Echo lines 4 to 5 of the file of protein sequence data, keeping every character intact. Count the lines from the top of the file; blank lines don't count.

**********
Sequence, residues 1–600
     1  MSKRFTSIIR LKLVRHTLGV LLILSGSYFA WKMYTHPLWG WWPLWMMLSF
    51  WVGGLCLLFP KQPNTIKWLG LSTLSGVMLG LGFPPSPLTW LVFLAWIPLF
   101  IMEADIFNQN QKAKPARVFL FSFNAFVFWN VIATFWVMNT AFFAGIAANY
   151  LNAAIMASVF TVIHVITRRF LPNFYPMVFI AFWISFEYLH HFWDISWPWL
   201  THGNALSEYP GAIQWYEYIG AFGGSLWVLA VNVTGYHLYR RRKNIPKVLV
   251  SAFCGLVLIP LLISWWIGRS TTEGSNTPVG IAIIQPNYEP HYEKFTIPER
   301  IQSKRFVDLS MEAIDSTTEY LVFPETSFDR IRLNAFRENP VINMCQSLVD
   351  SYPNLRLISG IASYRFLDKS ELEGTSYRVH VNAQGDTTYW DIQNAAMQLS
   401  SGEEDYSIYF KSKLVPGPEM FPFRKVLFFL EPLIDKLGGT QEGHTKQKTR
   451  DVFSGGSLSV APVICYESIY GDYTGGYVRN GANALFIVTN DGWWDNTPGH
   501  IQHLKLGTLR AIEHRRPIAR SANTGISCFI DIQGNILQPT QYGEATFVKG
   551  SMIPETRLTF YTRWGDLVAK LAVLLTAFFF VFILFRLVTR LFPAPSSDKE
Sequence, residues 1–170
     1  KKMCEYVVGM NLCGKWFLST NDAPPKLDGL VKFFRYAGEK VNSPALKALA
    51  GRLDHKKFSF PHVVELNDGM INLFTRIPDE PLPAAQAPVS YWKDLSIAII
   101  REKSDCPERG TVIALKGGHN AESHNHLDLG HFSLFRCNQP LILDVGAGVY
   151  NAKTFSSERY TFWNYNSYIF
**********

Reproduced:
   101  IMEADIFNQN QKAKPARVFL FSFNAFVFWN VIATFWVMNT AFFAGIAANY
   151  LNAAIMASVF TVIHVITRRF LPNFYPMVFI AFWISFEYLH HFWDISWPWL